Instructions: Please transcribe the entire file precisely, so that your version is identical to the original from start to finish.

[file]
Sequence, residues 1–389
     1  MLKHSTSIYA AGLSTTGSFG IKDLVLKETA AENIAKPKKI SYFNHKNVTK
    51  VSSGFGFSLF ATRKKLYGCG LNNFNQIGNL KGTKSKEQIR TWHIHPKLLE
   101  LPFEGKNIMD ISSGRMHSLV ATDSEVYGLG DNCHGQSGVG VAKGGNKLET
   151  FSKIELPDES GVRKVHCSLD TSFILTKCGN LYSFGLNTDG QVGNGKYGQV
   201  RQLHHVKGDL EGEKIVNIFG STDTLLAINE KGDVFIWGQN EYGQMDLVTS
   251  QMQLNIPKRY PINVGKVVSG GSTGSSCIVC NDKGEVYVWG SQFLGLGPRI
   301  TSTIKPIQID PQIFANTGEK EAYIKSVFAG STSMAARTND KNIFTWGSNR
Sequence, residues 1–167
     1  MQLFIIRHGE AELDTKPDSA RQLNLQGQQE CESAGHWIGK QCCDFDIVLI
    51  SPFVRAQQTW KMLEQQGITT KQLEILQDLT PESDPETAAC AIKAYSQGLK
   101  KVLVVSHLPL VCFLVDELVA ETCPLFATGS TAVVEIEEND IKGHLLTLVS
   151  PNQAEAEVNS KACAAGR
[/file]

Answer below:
Sequence, residues 1–389
     1  MLKHSTSIYA AGLSTTGSFG IKDLVLKETA AENIAKPKKI SYFNHKNVTK
    51  VSSGFGFSLF ATRKKLYGCG LNNFNQIGNL KGTKSKEQIR TWHIHPKLLE
   101  LPFEGKNIMD ISSGRMHSLV ATDSEVYGLG DNCHGQSGVG VAKGGNKLET
   151  FSKIELPDES GVRKVHCSLD TSFILTKCGN LYSFGLNTDG QVGNGKYGQV
   201  RQLHHVKGDL EGEKIVNIFG STDTLLAINE KGDVFIWGQN EYGQMDLVTS
   251  QMQLNIPKRY PINVGKVVSG GSTGSSCIVC NDKGEVYVWG SQFLGLGPRI
   301  TSTIKPIQID PQIFANTGEK EAYIKSVFAG STSMAARTND KNIFTWGSNR
Sequence, residues 1–167
     1  MQLFIIRHGE AELDTKPDSA RQLNLQGQQE CESAGHWIGK QCCDFDIVLI
    51  SPFVRAQQTW KMLEQQGITT KQLEILQDLT PESDPETAAC AIKAYSQGLK
   101  KVLVVSHLPL VCFLVDELVA ETCPLFATGS TAVVEIEEND IKGHLLTLVS
   151  PNQAEAEVNS KACAAGR